FRANKFURT. Our environment is composed according to certain rules and characteristics which are so obvious to us that we are scarcely aware of them. Professor Melissa Lê-Hoa Võ, psychologist at Goethe University Frankfurt, is studying this “scene knowledge”, amongst other topics of visual cognition in a virtual reality laboratory. In the current issue of the “Forschung Frankfurt” research journal, journalist Jessica Klapp tells readers about her virtual trip to Italy and explains why we don´t look for the milk under the bed or for our pillow in the bathtub.
“When we search for a specific object in a scene, we seem to have developed a precise idea of where to look for and find certain things,” explains Melissa Võ. What she finds particularly interesting in her investigation of these naturalistic scenes is how we perceive our environment. In which circumstances are we especially attentive? And what will we remember later? To find this out, Professor Võ uses eye tracking and virtual reality scenarios in her laboratory, alongside measurement of brain potentials.
“We use eye tracking to measure which parts of a picture the observer finds interesting or important, how fast his gaze settles on specific objects in a scene and how long it dwells there,” explains Dr. Dejan Draschkow, a member of Professor Võ’s research group. Eye tracking is very important due to the close relationship between eye movement and cognitive processes. The video-based systems used by the researchers register eye movements with the help of a camera. Both head-mounted systems that resemble a pair of spectacles as well as remote eye trackers installed in a computer monitor together with a camera and infrared LEDs are used. With the mobile system, the test participants can move around in the room, search for objects and interact with them.
With the virtual reality headset, the computer simulates a virtual 3D world in which the test person moves about. With simulated settings, such as an Italian piazza in the centre of which brown boxes are unexpectedly floating around, the researchers check whether the results identified on two-dimensional monitors are also valid in a realistic, three-dimensional environment. They want to understand which rules people use to compose their environment and interact with the objects in it.
Investigating scene knowledge in children is one of the topics that the research group is tackling in particular depth. The aim of the “SCESAM” project, which was launched with the support of IDeA, an interdisciplinary research centre, is the early detection and treatment of possible cognitive disorders such as dyslexia. Tests are conducted in a mobile laboratory right outside the nursery school: The researchers show children “ungrammatical” pictures, for example a shoe on the cooker instead of a saucepan, and watch their reactions with the help of an eye-tracking camera. If one of the children in a large group behaves differently, they are interested to see whether there is a correlation between language development and attention behaviour.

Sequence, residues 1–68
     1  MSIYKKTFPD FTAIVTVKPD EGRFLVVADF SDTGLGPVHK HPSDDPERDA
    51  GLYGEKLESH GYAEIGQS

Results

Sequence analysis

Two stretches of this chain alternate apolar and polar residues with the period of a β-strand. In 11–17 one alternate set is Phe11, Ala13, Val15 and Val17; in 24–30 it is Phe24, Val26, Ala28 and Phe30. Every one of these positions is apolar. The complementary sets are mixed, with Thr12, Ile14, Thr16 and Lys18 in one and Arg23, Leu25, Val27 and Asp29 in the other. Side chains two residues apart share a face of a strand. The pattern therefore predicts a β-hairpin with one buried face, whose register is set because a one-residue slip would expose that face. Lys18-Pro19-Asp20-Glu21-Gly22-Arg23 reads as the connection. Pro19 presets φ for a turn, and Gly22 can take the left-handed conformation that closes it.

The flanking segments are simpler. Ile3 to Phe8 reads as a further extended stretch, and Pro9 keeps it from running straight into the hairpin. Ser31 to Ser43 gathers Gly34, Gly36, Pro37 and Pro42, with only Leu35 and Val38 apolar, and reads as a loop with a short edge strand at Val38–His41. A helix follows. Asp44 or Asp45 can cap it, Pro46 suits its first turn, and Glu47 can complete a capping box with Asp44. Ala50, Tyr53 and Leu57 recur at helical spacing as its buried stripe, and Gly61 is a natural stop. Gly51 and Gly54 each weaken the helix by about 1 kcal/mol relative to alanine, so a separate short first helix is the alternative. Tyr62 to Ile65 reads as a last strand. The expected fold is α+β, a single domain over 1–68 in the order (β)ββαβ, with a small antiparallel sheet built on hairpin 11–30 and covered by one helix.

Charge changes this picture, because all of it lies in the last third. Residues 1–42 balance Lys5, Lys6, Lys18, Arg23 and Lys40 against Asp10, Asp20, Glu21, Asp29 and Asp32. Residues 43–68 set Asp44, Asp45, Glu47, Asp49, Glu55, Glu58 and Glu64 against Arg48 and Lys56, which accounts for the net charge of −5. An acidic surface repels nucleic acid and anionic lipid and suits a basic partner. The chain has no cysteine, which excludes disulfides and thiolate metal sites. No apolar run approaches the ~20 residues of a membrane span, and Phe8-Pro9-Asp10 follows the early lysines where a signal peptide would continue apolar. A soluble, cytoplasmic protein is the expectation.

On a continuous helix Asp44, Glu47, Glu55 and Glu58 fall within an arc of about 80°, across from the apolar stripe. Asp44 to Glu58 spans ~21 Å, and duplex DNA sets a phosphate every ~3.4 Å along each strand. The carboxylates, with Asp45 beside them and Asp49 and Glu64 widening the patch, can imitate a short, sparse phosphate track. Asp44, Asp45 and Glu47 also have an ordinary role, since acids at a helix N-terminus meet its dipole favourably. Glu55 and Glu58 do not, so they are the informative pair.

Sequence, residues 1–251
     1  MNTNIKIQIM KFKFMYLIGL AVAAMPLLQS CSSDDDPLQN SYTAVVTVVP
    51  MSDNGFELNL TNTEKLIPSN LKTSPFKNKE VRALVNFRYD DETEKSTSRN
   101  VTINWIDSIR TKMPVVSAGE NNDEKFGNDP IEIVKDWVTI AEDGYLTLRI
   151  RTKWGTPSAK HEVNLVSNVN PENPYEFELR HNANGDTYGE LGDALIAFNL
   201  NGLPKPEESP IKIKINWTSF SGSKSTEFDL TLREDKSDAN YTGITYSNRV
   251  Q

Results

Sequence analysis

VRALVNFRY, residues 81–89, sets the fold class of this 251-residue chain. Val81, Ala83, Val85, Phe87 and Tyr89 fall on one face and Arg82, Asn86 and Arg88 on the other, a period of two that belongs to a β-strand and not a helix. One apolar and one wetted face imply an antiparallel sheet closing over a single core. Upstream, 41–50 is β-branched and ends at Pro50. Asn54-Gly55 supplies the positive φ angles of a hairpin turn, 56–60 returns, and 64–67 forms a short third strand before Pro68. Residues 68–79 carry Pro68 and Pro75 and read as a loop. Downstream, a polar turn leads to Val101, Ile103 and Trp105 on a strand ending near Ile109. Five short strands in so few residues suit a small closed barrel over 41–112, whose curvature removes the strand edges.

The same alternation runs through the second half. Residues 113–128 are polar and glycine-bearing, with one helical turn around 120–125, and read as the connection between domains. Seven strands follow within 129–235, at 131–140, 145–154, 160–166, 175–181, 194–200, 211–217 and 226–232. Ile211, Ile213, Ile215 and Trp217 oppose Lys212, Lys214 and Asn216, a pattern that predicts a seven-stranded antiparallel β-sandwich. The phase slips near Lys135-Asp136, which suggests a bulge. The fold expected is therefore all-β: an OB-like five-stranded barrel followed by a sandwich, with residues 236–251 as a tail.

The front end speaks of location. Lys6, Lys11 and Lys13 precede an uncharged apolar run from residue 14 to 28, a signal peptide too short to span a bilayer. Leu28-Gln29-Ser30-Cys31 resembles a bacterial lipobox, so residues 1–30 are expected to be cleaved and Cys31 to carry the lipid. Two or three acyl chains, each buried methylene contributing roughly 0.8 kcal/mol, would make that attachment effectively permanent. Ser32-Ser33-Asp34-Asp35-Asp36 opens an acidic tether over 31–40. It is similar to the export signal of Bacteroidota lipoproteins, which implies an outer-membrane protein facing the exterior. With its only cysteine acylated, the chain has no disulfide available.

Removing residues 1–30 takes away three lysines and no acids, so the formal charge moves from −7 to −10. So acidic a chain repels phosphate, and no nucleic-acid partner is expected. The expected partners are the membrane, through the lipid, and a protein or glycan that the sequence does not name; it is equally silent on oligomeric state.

Other fields, such as medicine, also benefit from the results. For example, the researchers measured the eye movements of radiologists when studying x-rays and analysed which strategies they use to recognize tumours and how successful these strategies are. The research results are also important for the security control of hand baggage at airports. How do staff decide which baggage needs a more thorough check? Why wasn’t a dangerous object found? Didn’t the baggage inspector look at this area? Or did he look but didn’t consider the object important?
And finally, people with dementia could also profit from scene knowledge research, since Võ and her team have discovered that the ability to recall pictures in a scene increases if the test persons have previously looked for and found individual objects. In a surprising memory test, they performed far better than participants who were supposed to memorize objects explicitly. “What this means for us is that in the case of a visual search there is more interaction with the scene and the participants commit objects better to memory,” explains Professor Võ.
A picture can be downloaded from: www.uni-frankfurt.de/69396691
Caption: A picture from the SCEGRAM database which shows objects in unusual places. Melissa Võ’s research group is investigating how the brain reacts.
Further information: Professor Melissa Le-Hoa Võ, Dr. Dejan Draschkow, Scene Grammar Lab, Institute of Psychology, Faculty of Psychology and Sports Sciences, Westend Campus, Tel.: +49(0)69-798-35342, email@example.com, Tel.: +49(0)69-798-35310, firstname.lastname@example.org.
Current news about science, teaching, and society in GOETHE-UNI online (www.aktuelles.uni-frankfurt.de)
Goethe University is a research-oriented university in the European financial centre Frankfurt The university was founded in 1914 through private funding, primarily from Jewish sponsors, and has since produced pioneering achievements in the areas of social sciences, sociology and economics, medicine, quantum physics, brain research, and labour law. It gained a unique level of autonomy on 1 January 2008 by returning to its historic roots as a "foundation university". Today, it is among the top ten in external funding and among the top three largest universities in Germany, with three clusters of excellence in medicine, life sciences and the humanities. Together with the Technical University of Darmstadt and the University of Mainz, it acts as a partner of the inter-state strategic Rhine-Main University Alliance. Internet: www.uni-frankfurt.de
Publisher: The President of Goethe University Editor: Dr. Anne Hardy, Referee for Science Communication, PR & Communication Department, Theodor-W.-Adorno-Platz 1, 60323 Frankfurt am Main, Tel: (069) 798-13035, Fax: (069) 798-763 12531.